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Benefits of database backup
The demand on database workloads has grown over the years. Not only are there more databases, they are now larger, faster, and more complex than before. Businesses are relying on bigger and faster databases to store their information, and if lost, their data would be irreplaceable. The benefits of database backup include reduced downtime, business continuity, and database recoverability from a malicious attack, like ransomware.
Digital data and applications are the drivers of business growth. Protecting business-critical workloads and applications that depend on Microsoft SQL and SAP HANA is vital for business survival. Database workload protections provide a safety net against data loss, corruption or attack.
The right database backup offering need to extend the benefits of data protection for companies to include:
- Hybrid cloud flexibility. Protect your structured data and database workloads with active on-premises backup and secondary copies in the cloud to avoid unwanted potential disruptions. Companies must select the storage options – cloud, on-premises, or both — that fit their business requirements for scalable flexibility and speedy recovery.
- Seamless Scale. As data grows,backups need to continue without interruption or slowing down, and companies should look for vendors that provide seamless scale.
- Security and compliance. Companies need to ensure they can protect structured data with encryption in flight and at rest. Access management with role-based authentication controls using single sign-on (SSO) and security assertion markup language (SAML) is critical, as is maintaining regulatory compliance with a wide range of supported standards, including HIPAA, GDPR, SOC2 and ISO 27001.
- Hassle-free management. Simple self-service management is key for database and IT admins to work more effectively. A BaaS – or cloud-based solution can deliver on this simplicity – with no-hassle deployment, no backup infrastructure to manage, automatic updates. Pre-configured configuration wizards can also help deploy and recommended database backup best practices within a solution.
- Cost-optimized operations. Protect existing investments with a database backup solution that extends resources to the cloud. This approach frees resources tied up in on-premises infrastructure and shifts upfront Capex to budget-friendly operating expenses.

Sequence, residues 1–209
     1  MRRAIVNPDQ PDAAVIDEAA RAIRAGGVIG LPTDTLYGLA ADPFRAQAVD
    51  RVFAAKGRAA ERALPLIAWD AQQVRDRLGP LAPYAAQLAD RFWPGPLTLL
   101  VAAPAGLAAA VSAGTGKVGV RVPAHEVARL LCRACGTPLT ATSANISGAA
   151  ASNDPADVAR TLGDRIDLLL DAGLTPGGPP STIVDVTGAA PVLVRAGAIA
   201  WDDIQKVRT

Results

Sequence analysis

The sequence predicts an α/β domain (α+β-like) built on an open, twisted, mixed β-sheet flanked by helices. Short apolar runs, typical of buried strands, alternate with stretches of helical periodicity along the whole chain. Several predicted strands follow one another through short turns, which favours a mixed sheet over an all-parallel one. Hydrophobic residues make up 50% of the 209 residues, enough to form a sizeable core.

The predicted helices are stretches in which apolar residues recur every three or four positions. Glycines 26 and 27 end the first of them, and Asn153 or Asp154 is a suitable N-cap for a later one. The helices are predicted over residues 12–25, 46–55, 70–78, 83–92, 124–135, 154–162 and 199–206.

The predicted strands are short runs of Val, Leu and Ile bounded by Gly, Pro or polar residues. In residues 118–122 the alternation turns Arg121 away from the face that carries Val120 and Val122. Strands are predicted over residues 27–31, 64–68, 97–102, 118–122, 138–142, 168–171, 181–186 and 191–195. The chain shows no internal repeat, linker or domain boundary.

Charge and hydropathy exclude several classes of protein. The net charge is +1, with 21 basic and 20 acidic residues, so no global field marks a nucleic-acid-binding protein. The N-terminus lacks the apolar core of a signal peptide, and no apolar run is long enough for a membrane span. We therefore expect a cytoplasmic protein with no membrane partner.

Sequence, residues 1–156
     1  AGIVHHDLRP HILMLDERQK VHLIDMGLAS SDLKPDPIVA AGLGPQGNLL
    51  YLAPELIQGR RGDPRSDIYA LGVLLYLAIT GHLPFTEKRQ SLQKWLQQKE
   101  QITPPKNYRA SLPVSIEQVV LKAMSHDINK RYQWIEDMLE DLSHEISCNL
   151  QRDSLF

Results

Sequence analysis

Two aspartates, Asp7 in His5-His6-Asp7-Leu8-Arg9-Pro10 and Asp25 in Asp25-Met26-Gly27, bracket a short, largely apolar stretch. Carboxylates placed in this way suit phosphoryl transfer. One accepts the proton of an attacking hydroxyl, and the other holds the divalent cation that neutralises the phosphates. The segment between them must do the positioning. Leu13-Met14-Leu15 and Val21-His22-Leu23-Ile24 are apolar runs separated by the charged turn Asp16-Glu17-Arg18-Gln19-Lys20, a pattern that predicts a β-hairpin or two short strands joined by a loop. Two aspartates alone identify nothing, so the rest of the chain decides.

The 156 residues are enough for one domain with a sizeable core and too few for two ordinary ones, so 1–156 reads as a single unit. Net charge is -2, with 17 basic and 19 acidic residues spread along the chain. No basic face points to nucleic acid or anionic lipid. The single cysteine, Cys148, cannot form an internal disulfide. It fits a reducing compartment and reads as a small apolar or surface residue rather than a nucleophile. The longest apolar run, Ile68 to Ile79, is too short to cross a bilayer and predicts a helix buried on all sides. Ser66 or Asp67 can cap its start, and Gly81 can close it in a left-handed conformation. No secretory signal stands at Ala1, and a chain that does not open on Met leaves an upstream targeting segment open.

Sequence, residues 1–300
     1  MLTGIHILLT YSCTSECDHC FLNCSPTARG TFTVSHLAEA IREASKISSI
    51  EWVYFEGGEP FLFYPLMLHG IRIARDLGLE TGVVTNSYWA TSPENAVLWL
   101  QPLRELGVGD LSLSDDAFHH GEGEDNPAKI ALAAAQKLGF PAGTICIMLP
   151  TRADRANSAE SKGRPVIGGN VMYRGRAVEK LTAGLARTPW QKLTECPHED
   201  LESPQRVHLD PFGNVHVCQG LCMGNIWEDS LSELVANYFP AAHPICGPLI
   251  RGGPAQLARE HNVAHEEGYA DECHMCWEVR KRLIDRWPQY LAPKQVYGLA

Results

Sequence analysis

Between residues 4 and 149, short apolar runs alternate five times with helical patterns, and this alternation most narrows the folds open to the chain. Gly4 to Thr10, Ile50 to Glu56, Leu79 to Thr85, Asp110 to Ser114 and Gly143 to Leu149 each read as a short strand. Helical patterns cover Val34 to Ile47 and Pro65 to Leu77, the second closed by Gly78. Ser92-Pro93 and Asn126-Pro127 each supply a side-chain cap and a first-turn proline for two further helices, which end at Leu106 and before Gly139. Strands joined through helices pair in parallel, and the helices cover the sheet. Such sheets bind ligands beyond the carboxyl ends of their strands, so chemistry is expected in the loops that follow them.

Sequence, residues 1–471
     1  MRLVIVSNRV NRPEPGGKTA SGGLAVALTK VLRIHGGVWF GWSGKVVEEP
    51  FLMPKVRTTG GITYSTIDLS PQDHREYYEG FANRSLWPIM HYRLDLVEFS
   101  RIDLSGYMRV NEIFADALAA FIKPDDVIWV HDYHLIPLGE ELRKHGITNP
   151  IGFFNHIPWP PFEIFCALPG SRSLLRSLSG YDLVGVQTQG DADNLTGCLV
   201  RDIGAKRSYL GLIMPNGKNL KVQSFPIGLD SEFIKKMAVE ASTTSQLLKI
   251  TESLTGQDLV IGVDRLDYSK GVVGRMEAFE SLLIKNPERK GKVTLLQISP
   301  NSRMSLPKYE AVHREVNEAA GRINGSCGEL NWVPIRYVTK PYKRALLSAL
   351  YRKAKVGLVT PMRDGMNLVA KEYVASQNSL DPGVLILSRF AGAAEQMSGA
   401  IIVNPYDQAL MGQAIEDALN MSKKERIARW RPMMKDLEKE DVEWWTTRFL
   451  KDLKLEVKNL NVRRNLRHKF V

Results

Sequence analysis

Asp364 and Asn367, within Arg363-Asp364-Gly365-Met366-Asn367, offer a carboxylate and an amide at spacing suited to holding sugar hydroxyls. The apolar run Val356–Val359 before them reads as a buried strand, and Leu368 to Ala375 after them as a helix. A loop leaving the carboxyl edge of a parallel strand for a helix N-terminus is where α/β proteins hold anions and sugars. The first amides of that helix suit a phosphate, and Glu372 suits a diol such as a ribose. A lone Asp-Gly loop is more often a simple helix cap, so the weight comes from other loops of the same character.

- Ransomware recovery readiness – AI-enabled monitoring for abnormalities in data patterns can provide early warning for ransomware attack, while air gapped database backup infrastructure and backup copies can enable recovery.
- Tight integration. Integration with these bigger, faster, more complex database workloads is critical today. Database administrators can take advantage of the power of Application Programming Interface (API) from a database backup solution to perform backup and restores from the database interface.
- Single pane of glass management with other backup needs. Companies can simplify IT operations through selecting a vendor that provides breadth of data protection – to manage database backups together with other data backup needs – for example, for protecting VMs, containers, endpoints and SaaS applications as well.
Common use cases for database backup
Organizations of all sizes use database data protection in many ways, including these use cases:
- Business continuity. With backup software, businesses can protect all their structured data and configurations needed to bring business back to life following unpredictable disruptions. With active on-premises backup and cloud copies, companies can be more confident that they have reliable disaster recovery plans in place.
- Data protection. Without proper database workload protection, your data remains susceptible to potential loss and corruption. Backup preserves the integrity of your business-critical structured data and provides readily available usable copies of lost data – whether through accidental deletion, overwriting data, or attack.
- Disaster recovery. Most, if not all, businesses and IT environments will likely face unexpected events that could cause data loss, corruption, or disrupts operations. Using backup software ensures readiness and reduces the risks associated with unplanned business disruptions
Does Metallic offer database backup?
Yes! Metallic®Database Backup provides a Backup as a Service (BaaS) solution that backs up critical data in Microsoft SQL Server and SAP HANA databases. By delivering on the comprehensive benefits listed above, Metallic offers database and IT admins and easy-to-use solutions that give them the tools and the visibility they need to minimize risks to critical applications and data. The Metallic solution offers total protection for database workloads on-premises or in the cloud to help you thrive in a hybrid cloud IT environment.